Connolly, Imelda (1998) Gender, the Internet and New Technologies: Theoretical and Analytical Investigations into Genderisation Processes and their Application to the Introduction of New Technologies and Social Structures. (Volume 2). Doctoral thesis, Dublin, National College of Ireland.
PDF (Doctor of Philosophy)
A comprehensive review of literature concerning the biological determination of sex and genderised behaviours, theoretical accounts of the development of gender role identity and the debatable extent of gender differences in a wide range of physical, intellectual, emotional, moral, linguistic and occupational areas is presented A brief history of the development of the computer and Internet is outlines. Demographic data on Internet users are discussed and historical, educational, media, employment and financial factors which may contribute to the current female underrepresentation on the Internet are examined.
A theoretical framework is presented which accounts for the gernderisation of activities, occupations and technologies. This mechanism is then applied to new technologies and the Internet in particular.
The results of six experimental and investigative studies are presented. Study (A) examined the ability of 126 subjects to identify the gender of the authors of on-screen texts. The results indicate that the subject identification scores are compatible with the scores expected from random guessing. Study (B) examined age and gender differences in perceived risk-taking strategies adopted by 354 subjects when participating in a computerised card game. The results showed that males took greater risks than females and older subjects took more optimal risks than younger subjects. Study (C) involved a re-examination of Jean Piaget's 1932 data on reciprocity in revenge. The results confirmed that male subjects took more perceived risks than female subjects. Study (D) involved a selective analysis of statistical data reported in eight GVU www user surveys. Study (F) examined the gender bias found in sampled of internet and male and female oriented magazines. A male gender bias was found in the Internet magazines.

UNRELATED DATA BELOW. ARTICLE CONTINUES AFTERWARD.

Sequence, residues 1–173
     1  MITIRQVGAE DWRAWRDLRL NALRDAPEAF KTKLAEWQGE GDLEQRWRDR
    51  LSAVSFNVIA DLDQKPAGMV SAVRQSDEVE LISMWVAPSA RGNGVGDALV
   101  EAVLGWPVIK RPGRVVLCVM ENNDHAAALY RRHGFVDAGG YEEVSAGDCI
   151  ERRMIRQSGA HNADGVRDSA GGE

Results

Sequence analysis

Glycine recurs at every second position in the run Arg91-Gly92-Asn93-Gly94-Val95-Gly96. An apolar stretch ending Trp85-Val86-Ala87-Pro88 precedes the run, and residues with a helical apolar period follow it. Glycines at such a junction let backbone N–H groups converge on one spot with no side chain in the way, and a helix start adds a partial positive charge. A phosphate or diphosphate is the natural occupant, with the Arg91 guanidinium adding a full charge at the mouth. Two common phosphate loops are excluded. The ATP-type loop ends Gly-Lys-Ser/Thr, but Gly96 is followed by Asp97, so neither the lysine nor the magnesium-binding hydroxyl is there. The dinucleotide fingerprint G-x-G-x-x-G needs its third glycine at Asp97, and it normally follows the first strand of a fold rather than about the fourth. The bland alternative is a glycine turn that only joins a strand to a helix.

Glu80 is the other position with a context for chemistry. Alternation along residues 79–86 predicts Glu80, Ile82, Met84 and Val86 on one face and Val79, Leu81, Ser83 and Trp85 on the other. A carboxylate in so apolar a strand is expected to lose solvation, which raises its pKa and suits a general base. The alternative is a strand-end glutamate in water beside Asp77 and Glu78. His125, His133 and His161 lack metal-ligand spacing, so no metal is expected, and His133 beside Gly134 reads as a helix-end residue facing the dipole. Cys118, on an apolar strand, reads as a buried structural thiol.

|Item Type:||Thesis (Doctoral)|
|Subjects:||Z Bibliography. Library Science. Information Resources > ZA Information resources > ZA4150 Computer Network Resources > The Internet
T Technology > TK Electrical engineering. Electronics. Nuclear engineering > Telecommunications > The Internet
H Social Sciences > HQ The family. Marriage. Woman > Gender
H Social Sciences > HM Sociology
|Divisions:||School of Computing > PHD|
|Depositing User:||Tim Lawless|
|Date Deposited:||03 Jun 2010 15:30|
|Last Modified:||06 Feb 2015 12:18|
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